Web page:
I only have one digital camera, a Canon rebel I bought five or six years ago. But I have eight or nine film cameras of various types - folders, RFs, SLRs, even a 1920s Ansco box and they each offer their own distinct enjoyment of use.

A similar idea can be applied to films, developers, papers, and processes. If photography is an experience for you, rather than a clinical craft - it's nice to have some variety in your equipment and technique. See how new tools and materials change your approach and consequently effect.

From an Art perspective I appreciate using slide film on a personal level because of the thought that each of my slides is not only unique, but that each slide is a portion of film that was physically present at the location of the shot, and that the very light which touched my subjects whatever they may have been - also touched my slide. It is a sort of authenticity that cannot be matched through prints, film or digital. Might not mean anything to some, but it means a lot to me.
 
Shoot film :
- so that you can use nice gear (brass, chrome, leather)
- more dynamics in color or B/W negatives
- more format to choose from : 6x6, 6x9, ...
- grain looks better than pixels when enlarged

Note : my technique is part film / part digital : I do not mind scanning and I like photoshop better than working in the darkroom.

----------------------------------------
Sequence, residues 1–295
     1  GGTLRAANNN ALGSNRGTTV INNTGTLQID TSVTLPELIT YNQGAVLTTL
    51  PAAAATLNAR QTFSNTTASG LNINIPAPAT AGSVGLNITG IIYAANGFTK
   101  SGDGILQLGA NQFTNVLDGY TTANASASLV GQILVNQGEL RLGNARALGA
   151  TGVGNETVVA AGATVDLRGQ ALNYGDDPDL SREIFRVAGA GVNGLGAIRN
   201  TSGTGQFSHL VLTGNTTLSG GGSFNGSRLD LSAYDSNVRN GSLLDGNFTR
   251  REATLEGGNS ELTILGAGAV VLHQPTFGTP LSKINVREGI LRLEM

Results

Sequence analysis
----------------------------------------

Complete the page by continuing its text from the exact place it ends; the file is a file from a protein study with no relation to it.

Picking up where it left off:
At my local photoclub, I have shown some prints of scanned medium format pictures (prewar Rolleiflex, 6x9 Speed graphic). It just looked great and nobody questioned my technical choices after that : it is hard (or sometime physically impossible) to achieve the "look" of these pictures even with a top of the line digital camera.
 
Roger's got most of the arguments covered in a single post, as he is known to do more often!

All I can add is my personal choices, and bring in a new reason with that.

The vintage and more modern film camera gear is a joy to use once you have settled on what you like best to handle. Apart from the stuff in my signature I have owned and loved a Leica M2, Leica M6 classic 0.85, Nikkormats, Rolleiflex 2.8F and a Tele-Rolleiflex. The arrival of another joy-to-use camera, the Ricoh GXR, signaled the farewell from those that remained, some had been sold earlier. In medium format, I still own and shoot a Zeiss-Ikon Super Ikonta B and an Ensign.

Meanwhile, I'm still trying to develop anything like 'experience' when it comes to creating images with that specific film look, that cannot be created with digital. Sometimes I succeed, often I fail miserably, but the processes of handling film, developing, editing, scanning and post-processing I enjoy greatly.